We can also use the simple past for past habits (the same as we use the simple present for present habits), but it is more ambiguous (sometimes we can’t tell if it’s a habit or just one action):
- When I was a child I got up at 8 o’clock every day (here, the phrase “every day” tells us that it is a habit).

GATHER= Collect, put together and take away.

MAKE THEM INTO CROWNS= Transform them into crowns, make crowns using the leaves.

TRUNK= The part of the tree going from the ground to the branches.

LEAP= Jump.

BRANCHES= The part of a tree, on top, where leaves grow. (see picture).

HIDE AND GO SEEK= (more ofthen called: Hide-and-seek) It is a children's game where all the kids go and hide except for one, who must go and look for them.

SHADE= A definite area where the sun light is blocked by something so it is darker, in the shadow.

TIME WENT BY= Time passed.

SWING= To move back and forth suspended or as if suspended from above. Monkeys swing from the trees.

MONEY= /mʌnɪ/

I HAVE NO MONEY= I haven’t got any money. The article NO is negative, so the sentence must be positive to avoid a double negative. But the article ANY is not negative, so we can use it in negative sentences.

CARRIED THEM AWAY= Transported them away, took them away.

SHOOK WITH JOY= (shake-shook-shaken) The tree was so happy that it started to shake (joy = happiness). To shake is to tremble violently.

BUSY= Notice the pronunciation /bɪzɪ/ .

YOU MAY CUT OFF MY BRANCHES= The verb MAY is used to ask or give permission. The particle OFF expresses separation.

BUILD= Notice the pronunciation /bɪld/

SHE COULD HARDLY SPEAK= She almost couldn’t speak. The adverbs HARDLY and ALMOST have the same meaning, but the first one is negative, so we use it in positive sentences, and the second one is positive, so we use it in negative sentences (this is to avoid having a double negative).

WHISPERED= Spoke softly, in a very low tone.

COME AND PLAY= Come to play. The verbs COME and GO are often used with AND as an alternative to infinitive with TO:
- Come and help me = come to help me.
- Go and buy some milk = go to buy some milk.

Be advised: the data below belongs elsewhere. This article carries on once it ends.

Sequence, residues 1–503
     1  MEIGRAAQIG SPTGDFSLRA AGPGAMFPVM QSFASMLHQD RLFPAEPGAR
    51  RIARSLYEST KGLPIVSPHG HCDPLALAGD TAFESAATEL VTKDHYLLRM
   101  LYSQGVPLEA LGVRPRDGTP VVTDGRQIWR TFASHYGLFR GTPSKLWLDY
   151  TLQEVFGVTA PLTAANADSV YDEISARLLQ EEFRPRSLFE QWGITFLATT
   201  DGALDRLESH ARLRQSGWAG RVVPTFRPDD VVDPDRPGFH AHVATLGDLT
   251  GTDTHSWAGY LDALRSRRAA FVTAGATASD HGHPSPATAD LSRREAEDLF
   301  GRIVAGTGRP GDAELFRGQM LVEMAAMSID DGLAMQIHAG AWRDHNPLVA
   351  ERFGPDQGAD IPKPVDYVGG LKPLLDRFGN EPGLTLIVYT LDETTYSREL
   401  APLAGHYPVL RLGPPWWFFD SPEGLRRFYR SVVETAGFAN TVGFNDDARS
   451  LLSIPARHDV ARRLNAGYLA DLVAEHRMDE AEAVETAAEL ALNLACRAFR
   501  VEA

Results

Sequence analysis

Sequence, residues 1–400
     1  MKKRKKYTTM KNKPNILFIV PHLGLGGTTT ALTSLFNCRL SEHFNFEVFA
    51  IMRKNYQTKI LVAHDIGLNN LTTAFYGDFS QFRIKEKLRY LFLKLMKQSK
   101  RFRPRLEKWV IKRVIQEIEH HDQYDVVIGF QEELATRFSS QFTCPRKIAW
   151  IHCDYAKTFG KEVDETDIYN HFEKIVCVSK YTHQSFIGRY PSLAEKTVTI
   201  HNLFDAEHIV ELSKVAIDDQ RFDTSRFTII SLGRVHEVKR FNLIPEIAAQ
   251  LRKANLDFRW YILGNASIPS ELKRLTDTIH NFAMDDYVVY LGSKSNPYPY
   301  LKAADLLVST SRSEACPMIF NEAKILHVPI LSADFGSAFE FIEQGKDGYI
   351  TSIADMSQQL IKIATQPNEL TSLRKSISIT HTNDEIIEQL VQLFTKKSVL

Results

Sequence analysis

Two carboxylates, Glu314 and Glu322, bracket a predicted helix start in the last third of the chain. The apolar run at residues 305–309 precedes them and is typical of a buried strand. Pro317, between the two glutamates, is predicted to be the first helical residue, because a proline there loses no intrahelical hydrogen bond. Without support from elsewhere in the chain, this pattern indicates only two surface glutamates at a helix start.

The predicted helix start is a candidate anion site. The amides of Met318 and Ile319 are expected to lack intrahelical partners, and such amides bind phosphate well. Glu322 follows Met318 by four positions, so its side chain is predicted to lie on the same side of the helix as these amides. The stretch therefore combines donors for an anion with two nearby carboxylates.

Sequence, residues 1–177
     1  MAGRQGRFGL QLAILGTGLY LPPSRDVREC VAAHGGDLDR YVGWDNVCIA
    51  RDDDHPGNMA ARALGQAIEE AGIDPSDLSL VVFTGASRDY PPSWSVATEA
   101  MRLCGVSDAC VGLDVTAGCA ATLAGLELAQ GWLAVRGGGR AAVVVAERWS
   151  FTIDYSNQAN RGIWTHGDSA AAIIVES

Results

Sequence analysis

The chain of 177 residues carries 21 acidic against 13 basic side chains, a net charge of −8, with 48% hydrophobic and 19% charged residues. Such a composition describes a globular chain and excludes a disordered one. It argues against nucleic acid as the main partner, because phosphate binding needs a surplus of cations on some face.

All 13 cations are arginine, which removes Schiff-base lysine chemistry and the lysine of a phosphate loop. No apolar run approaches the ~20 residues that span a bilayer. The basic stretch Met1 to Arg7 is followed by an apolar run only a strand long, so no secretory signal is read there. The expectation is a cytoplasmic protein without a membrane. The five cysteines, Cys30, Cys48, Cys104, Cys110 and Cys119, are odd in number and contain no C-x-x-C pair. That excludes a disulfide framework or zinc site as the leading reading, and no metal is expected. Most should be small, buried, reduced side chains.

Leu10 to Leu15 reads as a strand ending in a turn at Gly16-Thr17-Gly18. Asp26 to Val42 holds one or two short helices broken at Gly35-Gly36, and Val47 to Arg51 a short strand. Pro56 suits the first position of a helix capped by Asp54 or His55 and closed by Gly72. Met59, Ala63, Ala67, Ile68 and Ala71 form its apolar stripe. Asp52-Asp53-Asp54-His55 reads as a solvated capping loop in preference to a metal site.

I HAVE NOTHING LEFT= I have nothing more because everything is gone, finished.

CANNOT= Remember that the negative of CAN is CANNOT or CAN’T, but you can’t write CAN NOT.

I WISH I COULD…= The verb WISH is followed by the past tense:
- I wish I was taller.
- I wish we worked together.

STUMP= The part of a tree trunk left protruding from the ground after the tree has fallen or has been felled. You can see the stump at the end of the video.

STRAIGHTENING HERSELF UP= If you straighten yourself up, you pull your back up because you want to look taller.

GOOD FOR SITTING= Remember that after prepositions and conjunctions we use –ING.
When we are talking about purpose (what something is for) there is a difference between particular puspose and general purpose.
--- particular purpose (at this moment, I want to use this to do this).  TO + INFINITIVE.
When the boy (old man) said “[I need] a quiet place to sit and rest” he is talking about a particular place. He can’t sit on an idea, he needs a particular place to do something particular: sit and rest. So he uses infinitive with to: TO SIT AND REST.
--- general purpose (in general, this is usually used for this). FOR + -ING.
When the tree said “an old stump is good for sitting and resting” she is saying that a stump, in general, is good for that (so he can use it to sit and rest if he wants to).

More examples:
- A tin-opener is a tool for opening tins (general purpose)
- I need a tin-opener to open this tin (particular purpose)
- Chairs are for sitting (general)
- He used a chair to break the window (particular)